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TAGS: Abdul-Baha, Ascension of; Eyewitnesses; Louise Bosch
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Part of a letter written by Bosch to her friends in the San Francisco Bay area recounting the night the Master passed away.
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Night of the Passing of 'Abdu'l-Baha

by Louise Bosch

... Abdu'l Baha again asked him if they should cable to Shoghi Effendi or a letter would do, and Abdu'l Baha replied, "A letter will do."

And one more sign. Not long before his passing Abdu'l Baha said to a believer - a tall, strong man - (presumably Ramat'u'llah, the gardener who helps Abbas Gholi with the care of the tomb of the Bab) - "I am so weary, can't you who are so strong carry me to a place where I could rest and find no concealment?"

It was Friday, as mentioned, when we at the Pilgrim House saw Abdu'l Baha for the last time in life, and on Sunday morning, November 27th, he sent for us to come to him. But unfortunately we were on the way to church. My husband, myself and Mrs. Krug, had prepared to go to church because Abdu'l Baha on the previous Sunday had requested Miss Hauff [1] to attend church every Sunday. So we thought we thought we all should attend while there. Word was subsequently returned to Abdu'l Baha that we had gone to church.

Abdu'l Baha did not again send for us. However, soon after the noonday meal a new message came from him to the Pilgrim House , saying that Abdu'l Baha wished all of us to go to the Tomb of the Bab to attend a feast that would be given there. We had previously heard that a Parsi Bahá'í brother from India - who was like ourselves a pilgrim to the holy presence - would give the feast. It was the feast of the Commemoration of the Appointment of Abdu'l Baha as the Center of the Covenant of God.

We arrived at the Tomb of the Bab shortly after three o'clock and found a goodly number of people already assembled there. The four sons-in-law of Abdu'l Baha were present sitting together in a row. They mad a picture not easily forgotten. My husband told me afterward that he realized that he only saw Abdu'l Baha in them as he saw four men sitting together as though one in body as well as in soul. The feast was arranged and took place in the open center roomof the edifice. Who would have thought that this room would become but the holy sepulcher of him in whose commemoration the feast was given.

About one hundred and twenty five believers were present t the feast. It was a beautiful feast though a solemn one; there was no joyousness among the believers. They were sad because the Master was not with them. He had not come. He had excused himself for not coming.

Tablets were chanted and speeches were made, but evident gloom pervaded all hearts, so much so that I came to the conclusion that Abdu'l Baha could never have been absent from any feasts before when at Haifa at all.

Thus the feast went on, so we western believers not failing to receive much consideration and kind attention at the hands of our oriental brothers and sisters. Persian tea was served, also fruit, candy and cake. Twigs of bougainvillers looked festive upon the large table amidist artistically grouped oranges and tangerines.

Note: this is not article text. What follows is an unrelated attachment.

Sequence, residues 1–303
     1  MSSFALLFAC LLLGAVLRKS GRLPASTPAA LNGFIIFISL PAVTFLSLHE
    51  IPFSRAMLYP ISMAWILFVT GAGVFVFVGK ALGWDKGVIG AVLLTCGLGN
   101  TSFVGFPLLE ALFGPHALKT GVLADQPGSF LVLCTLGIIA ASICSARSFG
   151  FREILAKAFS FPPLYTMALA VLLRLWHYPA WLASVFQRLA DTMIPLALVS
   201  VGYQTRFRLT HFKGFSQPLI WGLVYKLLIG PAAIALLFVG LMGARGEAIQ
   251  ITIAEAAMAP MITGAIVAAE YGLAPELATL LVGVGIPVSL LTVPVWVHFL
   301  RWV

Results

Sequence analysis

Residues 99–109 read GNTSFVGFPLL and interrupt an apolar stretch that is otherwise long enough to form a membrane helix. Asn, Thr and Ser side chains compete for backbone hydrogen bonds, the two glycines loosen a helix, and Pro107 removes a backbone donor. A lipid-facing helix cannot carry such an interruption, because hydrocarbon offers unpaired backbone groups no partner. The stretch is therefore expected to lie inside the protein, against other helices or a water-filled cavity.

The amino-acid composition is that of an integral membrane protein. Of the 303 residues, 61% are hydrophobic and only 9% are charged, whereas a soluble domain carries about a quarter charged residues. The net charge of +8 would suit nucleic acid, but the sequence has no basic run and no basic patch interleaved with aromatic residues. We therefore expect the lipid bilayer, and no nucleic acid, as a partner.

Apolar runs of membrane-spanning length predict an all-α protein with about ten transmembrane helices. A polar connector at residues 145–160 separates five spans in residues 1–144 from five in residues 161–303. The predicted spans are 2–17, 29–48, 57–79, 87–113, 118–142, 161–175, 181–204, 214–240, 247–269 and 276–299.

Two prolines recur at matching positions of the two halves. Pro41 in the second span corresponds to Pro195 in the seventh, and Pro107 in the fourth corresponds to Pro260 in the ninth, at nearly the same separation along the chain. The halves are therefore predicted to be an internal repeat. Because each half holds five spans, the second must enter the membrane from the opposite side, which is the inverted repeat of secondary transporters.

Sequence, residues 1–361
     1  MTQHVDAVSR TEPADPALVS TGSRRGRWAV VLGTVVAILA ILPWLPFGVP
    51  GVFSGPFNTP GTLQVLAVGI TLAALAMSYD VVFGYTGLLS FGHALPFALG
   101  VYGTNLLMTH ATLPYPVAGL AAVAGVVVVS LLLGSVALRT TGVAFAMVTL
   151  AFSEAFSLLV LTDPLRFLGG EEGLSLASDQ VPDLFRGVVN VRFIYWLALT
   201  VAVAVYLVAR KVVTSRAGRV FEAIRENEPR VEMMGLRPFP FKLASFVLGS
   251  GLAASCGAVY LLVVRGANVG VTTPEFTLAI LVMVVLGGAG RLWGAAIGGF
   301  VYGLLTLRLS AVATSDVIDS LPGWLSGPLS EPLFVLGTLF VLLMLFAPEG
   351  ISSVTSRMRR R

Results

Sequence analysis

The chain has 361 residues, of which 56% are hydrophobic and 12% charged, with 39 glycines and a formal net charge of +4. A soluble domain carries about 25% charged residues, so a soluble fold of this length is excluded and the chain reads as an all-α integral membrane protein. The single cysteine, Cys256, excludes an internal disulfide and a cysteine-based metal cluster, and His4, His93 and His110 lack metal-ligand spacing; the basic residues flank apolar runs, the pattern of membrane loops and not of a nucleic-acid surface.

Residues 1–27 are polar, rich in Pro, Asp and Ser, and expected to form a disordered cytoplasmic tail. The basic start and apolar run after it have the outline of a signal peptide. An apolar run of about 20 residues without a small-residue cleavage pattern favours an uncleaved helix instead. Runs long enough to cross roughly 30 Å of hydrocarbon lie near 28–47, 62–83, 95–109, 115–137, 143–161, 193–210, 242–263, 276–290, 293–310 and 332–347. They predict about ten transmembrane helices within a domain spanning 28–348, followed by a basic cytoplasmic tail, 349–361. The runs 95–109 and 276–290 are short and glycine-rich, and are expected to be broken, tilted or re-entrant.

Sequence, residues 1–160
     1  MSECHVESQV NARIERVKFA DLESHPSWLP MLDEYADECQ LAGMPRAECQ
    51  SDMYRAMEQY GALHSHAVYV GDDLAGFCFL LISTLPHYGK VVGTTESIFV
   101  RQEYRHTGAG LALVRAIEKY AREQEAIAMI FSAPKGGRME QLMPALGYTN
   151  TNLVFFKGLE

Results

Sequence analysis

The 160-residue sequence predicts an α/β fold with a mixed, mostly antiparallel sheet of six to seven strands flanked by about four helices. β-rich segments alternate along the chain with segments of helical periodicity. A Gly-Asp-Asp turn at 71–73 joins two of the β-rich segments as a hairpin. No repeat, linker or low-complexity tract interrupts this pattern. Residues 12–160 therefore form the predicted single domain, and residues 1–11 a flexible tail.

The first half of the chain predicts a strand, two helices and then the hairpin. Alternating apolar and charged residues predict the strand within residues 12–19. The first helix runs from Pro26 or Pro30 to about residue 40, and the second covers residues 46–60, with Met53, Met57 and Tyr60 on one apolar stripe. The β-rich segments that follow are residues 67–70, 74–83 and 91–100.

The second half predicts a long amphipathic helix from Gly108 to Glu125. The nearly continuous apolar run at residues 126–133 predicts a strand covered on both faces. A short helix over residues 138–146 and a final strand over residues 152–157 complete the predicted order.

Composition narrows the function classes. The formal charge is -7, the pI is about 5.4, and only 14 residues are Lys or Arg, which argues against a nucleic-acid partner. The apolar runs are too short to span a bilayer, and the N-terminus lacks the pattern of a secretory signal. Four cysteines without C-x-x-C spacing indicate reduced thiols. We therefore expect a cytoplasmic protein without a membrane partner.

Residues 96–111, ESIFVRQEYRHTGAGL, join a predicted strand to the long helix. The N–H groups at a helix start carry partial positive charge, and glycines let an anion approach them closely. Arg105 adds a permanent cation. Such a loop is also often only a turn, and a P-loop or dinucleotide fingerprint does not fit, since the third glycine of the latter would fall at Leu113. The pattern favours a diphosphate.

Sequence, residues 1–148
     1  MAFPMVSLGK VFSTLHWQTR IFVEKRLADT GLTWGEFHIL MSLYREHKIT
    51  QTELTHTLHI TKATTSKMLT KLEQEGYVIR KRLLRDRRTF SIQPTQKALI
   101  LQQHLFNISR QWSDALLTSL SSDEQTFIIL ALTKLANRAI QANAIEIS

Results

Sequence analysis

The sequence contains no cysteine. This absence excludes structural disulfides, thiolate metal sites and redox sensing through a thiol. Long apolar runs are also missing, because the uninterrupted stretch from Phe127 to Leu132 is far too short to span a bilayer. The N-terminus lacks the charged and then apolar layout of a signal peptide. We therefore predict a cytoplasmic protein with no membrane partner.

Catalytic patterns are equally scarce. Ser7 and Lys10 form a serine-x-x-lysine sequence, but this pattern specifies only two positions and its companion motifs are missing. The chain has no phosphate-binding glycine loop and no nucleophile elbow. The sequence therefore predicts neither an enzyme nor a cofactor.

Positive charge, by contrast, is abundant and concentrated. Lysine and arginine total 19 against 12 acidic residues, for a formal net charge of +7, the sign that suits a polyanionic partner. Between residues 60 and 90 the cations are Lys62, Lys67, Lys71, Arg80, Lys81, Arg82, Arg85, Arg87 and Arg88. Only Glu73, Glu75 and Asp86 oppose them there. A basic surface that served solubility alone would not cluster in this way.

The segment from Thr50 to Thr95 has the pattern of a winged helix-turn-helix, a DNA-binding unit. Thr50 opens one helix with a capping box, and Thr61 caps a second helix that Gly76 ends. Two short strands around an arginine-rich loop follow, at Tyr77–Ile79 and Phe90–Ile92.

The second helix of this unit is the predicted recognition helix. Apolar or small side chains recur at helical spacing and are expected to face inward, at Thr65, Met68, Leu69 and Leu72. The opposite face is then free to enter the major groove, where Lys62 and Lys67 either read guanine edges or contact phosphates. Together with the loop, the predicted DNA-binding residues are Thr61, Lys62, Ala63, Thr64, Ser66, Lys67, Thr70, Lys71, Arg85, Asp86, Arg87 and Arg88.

When the feast was over and we came down from the mountainit was already somewhat dark, for it was November and the sun had set early. I was approaching the residence of Abdu'l Baha and found myself standing alone in front of the garden gate. I felt a great longing to enter, hoping to see Abdu'l Baha. Nevertheless I hesitated.

My thoughts turned to Lua. Would she have been afraid to go in? I thought of the words of Christ, "Perfect love casteth out fear." Was it the lack of perfect love that kept me from entering? In this consciousness I continued my way to the Pilgrim House.

It was not until long after that day that I came upon the words of Abdu'l Baha that had reference to that hour. "Love is the source of all divine bestowals, and unless love takes possession of the heart no other divine bounties can be revealed in it," were the words.

At eight o'clock that evening Mrs. Krug came to the Pilgrim House for supper and spoke to us of Abdu'l Baha. Her words made me believe that she had seen him after the feast. [2] But in reality Mrs. Krug had not seen him, but had heard his dear words when he was told that the believers were unhappy at the feast because he was not there. Mrs. Krug told us that he had replied that he was there in spirit, and that the friends should not attach importance to the absence of the body. "The friends must not attach importance to the absence of the body," he had said.

At a quarter past eight the evening meal was brought in. We immediately asked the bringer for news of Abdu'l Baha's condition and he told us that Abdu'l Baha had just retired to his room for the night. After supper we remained sitting at the table engaged in conversation until about ten o'clock when we, too, retired.

As I learned afterward, Abdu'l Baha had retired at about eight o'clock, having partaken only a small amount of food for his repast. In his room, he divested himself of one or two of his outer garments and then lay down on the divan. He seemed to rest there quietly until about ten o'clock when he called his daughter Rouha Khanum who was in the room with him. He said he wished to go to bed.

He sent word by her to the household that all should go to bed. Accordingly, they all did so.

We at the Pilgrim House did the same at about that hour. Abdu'l Baha, after having gone to bed, again slept apparently until nearly eleven o'clock. Then he roused and his daughter Rouha Khanum came to his bed. She saw that Abdu'l Baha had perspired much. She poured some water for him which he drank. She then went to his dresser to obtain a fresh night garment for him. But, alas, she found none! Her father, as usual, had given everything away.